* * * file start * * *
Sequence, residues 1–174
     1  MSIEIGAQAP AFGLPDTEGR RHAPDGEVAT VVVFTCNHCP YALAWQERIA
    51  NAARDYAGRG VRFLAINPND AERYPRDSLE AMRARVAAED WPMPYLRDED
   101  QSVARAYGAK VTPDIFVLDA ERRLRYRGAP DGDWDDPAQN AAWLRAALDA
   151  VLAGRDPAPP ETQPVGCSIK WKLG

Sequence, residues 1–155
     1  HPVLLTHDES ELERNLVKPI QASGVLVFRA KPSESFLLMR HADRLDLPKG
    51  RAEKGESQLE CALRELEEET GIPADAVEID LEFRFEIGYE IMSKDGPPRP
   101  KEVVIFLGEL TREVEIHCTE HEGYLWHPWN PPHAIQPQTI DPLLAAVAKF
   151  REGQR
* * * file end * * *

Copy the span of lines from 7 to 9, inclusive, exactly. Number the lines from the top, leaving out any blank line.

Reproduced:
     1  HPVLLTHDES ELERNLVKPI QASGVLVFRA KPSESFLLMR HADRLDLPKG
    51  RAEKGESQLE CALRELEEET GIPADAVEID LEFRFEIGYE IMSKDGPPRP
   101  KEVVIFLGEL TREVEIHCTE HEGYLWHPWN PPHAIQPQTI DPLLAAVAKF